FBI sting operation nabs two in tube scam
EAST ST. LOUIS, Ill. - A federal investigation recently indicted two individuals for Medicare fraud in connection to a feeding tube scam, the second such scam uncovered by the investigation this year.
The indictment by the U.S. District Court in southern Illinois alleges that Jo Ann Carroll and Brian Denny defrauded the government by persuading customers to sign long-term contracts for feeding tubes and formula to be used by Medicare recipients.
The pair won the contracts by providing customers with free feeding tubes and false documents that misrepresented the actual price of the tubes, according to the indictment.
Carroll and Denny were caught in the alleged scheme when they attempted to do business with Southern Medical Distributors, which, in reality, is the cover for an FBI sting operation that is looking in to health care fraud.
The sting, dubbed Operation Headwaters, is the FBI’s largest undercover healthcare fraud sting in U.S. history. It began in February 2000 and so far has resulted in three indictments.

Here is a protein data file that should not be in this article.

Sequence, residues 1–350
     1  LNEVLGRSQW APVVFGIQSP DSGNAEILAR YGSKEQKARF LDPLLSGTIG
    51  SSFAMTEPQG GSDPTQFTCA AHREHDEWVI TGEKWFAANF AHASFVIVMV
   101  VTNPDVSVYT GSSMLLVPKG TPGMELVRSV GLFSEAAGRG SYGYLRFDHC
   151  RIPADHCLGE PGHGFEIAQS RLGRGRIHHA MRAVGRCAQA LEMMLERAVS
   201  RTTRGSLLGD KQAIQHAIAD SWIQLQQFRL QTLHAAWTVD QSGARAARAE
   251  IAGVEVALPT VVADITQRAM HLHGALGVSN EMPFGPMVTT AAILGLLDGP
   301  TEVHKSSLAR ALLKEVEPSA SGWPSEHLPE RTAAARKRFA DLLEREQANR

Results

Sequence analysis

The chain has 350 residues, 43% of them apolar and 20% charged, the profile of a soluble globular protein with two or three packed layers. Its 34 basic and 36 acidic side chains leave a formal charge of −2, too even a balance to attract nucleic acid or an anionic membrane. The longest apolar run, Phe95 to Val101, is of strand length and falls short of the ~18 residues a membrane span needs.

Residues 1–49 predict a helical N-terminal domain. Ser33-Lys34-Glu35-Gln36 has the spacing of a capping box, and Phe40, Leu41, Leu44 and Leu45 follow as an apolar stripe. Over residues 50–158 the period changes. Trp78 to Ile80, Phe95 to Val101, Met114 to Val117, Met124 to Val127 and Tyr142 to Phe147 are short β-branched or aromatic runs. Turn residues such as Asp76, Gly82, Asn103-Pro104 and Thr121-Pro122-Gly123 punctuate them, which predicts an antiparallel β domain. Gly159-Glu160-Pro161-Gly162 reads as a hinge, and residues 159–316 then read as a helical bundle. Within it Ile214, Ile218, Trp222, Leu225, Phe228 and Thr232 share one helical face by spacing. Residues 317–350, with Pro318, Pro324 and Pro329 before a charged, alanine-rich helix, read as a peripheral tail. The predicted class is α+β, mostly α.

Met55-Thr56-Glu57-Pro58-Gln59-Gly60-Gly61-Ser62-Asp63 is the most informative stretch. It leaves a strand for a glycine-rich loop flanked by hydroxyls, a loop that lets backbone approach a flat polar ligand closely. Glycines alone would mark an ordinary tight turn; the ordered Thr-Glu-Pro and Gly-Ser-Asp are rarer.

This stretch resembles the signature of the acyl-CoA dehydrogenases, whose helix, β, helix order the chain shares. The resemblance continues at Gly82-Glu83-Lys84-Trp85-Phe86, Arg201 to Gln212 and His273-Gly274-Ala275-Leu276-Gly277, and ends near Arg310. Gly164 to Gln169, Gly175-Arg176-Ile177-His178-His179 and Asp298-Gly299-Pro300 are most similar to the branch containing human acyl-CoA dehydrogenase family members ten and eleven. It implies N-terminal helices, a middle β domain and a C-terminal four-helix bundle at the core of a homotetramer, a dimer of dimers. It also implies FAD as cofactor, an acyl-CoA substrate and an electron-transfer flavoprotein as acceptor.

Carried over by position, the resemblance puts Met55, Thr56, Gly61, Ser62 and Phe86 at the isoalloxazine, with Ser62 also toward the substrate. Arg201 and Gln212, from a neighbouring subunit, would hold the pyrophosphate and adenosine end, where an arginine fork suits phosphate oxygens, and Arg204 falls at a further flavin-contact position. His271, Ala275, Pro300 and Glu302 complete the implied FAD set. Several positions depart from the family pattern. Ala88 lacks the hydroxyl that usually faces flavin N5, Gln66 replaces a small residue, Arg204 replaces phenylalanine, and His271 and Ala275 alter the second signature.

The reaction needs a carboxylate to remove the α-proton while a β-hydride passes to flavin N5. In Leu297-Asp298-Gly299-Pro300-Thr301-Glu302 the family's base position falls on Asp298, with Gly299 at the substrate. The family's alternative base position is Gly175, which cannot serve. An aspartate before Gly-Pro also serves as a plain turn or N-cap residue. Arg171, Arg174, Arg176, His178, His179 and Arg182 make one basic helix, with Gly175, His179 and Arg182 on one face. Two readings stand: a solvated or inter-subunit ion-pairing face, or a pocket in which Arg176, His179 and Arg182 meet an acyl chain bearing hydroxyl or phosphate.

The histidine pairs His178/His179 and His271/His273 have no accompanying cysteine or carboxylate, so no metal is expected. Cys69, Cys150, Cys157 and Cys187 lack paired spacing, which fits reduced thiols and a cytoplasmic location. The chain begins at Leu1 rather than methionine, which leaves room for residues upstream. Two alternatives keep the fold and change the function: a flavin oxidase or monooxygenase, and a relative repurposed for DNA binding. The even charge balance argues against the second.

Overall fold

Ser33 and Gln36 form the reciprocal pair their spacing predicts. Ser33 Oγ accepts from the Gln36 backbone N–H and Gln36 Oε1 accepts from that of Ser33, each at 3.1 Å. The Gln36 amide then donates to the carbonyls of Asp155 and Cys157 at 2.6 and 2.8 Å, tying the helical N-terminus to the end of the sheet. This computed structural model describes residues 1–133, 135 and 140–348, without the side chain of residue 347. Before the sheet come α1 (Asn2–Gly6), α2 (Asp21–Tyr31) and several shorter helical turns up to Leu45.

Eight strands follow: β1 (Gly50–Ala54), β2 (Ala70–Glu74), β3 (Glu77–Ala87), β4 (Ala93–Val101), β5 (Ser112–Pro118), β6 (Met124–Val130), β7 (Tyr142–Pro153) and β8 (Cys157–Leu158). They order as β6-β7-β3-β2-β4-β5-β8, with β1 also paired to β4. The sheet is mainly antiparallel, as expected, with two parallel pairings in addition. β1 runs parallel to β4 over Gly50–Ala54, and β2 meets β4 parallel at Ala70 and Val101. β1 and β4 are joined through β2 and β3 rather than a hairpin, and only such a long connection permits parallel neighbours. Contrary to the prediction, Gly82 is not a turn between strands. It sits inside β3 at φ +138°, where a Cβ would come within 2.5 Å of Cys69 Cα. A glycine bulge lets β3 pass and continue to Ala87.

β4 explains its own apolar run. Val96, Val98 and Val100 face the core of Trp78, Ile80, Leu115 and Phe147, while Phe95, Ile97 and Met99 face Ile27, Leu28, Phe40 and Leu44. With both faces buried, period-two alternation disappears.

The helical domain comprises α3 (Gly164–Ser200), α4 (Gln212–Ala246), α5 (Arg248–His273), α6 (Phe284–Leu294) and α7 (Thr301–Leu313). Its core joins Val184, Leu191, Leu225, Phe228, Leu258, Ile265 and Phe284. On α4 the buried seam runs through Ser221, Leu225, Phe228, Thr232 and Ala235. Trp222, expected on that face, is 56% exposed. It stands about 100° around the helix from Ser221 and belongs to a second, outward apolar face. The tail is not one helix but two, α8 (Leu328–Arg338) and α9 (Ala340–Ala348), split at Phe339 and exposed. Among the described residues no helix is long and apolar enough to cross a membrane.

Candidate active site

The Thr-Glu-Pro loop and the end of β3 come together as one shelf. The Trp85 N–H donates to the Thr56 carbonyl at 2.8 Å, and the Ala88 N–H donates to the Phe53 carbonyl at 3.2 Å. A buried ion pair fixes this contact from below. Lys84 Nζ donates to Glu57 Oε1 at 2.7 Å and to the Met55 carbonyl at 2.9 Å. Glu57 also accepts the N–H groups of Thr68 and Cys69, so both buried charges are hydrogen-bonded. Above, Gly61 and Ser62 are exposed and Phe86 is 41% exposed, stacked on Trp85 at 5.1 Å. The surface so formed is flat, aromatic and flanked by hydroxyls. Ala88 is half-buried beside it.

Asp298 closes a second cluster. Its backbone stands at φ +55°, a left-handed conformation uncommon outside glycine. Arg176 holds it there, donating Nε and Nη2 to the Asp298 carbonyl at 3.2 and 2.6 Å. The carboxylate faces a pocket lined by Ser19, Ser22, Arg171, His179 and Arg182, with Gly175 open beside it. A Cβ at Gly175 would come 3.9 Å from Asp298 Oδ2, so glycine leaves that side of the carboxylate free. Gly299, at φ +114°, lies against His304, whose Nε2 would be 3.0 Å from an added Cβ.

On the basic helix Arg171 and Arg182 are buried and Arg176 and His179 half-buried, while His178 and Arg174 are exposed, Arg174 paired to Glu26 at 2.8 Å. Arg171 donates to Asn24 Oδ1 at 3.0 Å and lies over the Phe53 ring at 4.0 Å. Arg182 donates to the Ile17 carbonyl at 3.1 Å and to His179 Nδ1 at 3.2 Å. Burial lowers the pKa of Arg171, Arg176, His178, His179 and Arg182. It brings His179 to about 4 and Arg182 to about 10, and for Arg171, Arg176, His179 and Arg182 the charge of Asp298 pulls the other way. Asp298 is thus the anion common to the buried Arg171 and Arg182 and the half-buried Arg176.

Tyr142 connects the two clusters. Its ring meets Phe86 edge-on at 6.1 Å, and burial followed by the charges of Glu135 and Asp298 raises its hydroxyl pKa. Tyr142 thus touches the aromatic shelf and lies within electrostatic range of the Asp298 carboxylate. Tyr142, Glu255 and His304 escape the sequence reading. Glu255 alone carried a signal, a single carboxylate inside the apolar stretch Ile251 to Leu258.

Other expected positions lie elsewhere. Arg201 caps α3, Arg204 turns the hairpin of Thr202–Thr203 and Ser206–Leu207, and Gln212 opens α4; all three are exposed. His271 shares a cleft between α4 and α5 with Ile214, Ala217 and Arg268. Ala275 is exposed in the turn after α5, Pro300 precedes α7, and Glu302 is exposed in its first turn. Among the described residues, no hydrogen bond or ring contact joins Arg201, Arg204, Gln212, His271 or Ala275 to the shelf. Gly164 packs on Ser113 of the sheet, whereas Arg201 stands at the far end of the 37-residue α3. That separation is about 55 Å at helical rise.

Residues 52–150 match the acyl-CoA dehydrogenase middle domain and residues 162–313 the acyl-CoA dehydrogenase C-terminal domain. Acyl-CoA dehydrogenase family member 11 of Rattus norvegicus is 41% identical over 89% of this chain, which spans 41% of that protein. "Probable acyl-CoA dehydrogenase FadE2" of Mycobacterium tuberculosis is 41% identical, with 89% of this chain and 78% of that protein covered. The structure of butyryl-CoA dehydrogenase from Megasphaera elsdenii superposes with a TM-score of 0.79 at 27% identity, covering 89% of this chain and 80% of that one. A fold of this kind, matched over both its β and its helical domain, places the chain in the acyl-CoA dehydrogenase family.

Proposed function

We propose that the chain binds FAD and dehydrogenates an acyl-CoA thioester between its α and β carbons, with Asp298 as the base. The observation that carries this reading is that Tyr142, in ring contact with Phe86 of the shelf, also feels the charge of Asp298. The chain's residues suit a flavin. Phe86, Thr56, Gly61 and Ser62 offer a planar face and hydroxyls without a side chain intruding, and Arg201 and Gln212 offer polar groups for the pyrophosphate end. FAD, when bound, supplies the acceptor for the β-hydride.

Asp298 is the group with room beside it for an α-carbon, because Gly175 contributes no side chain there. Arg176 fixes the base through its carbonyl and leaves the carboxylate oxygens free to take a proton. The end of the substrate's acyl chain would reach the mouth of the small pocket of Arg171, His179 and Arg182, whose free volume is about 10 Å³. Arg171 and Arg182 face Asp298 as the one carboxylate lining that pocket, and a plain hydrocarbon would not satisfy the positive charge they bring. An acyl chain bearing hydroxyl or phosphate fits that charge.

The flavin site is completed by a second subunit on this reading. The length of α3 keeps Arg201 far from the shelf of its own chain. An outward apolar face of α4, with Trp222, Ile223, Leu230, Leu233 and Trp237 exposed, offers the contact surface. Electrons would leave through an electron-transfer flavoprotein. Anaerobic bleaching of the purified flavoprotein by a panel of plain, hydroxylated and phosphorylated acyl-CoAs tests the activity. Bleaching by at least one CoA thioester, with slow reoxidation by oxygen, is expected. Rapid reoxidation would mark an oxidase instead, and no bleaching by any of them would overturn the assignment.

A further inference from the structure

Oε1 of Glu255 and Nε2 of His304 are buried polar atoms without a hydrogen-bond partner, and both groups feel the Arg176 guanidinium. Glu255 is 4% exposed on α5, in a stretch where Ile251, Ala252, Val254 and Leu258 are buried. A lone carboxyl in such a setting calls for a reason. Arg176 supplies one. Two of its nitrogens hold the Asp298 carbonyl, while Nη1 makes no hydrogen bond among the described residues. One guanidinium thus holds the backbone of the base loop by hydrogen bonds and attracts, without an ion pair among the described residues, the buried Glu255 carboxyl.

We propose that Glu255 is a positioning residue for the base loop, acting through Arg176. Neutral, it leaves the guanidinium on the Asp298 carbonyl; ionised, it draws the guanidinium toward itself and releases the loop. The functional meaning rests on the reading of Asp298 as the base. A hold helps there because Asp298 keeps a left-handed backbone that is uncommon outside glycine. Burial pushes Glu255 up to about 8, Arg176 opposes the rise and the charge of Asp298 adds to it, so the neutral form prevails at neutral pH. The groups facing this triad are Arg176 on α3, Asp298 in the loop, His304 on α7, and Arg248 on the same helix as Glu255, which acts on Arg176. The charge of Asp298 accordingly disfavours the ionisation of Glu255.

Enteral feeding is a profitable business with Medicare expenditures exceeding $500 million annually for kits, tubes and formulas.
Abbott Laboratories and a subsidiary pleaded guilty earlier this year to obstructing a criminal investigation of health care offenses after an Operation Headwaters probe of the company’s sales and marketing practices revealed some questionable activities associated with enteral feeding.
The company sold products in bundled packages, which made it difficult for Medicare to figure out the true cost of the product. It also offered up-front payments to customers as an incentive to encourage them to buy its products.
Abbott agreed to pay a $200 million fine and a $400 million civil settlement to resolve claims involving the federal Medicare and Medicaid programs.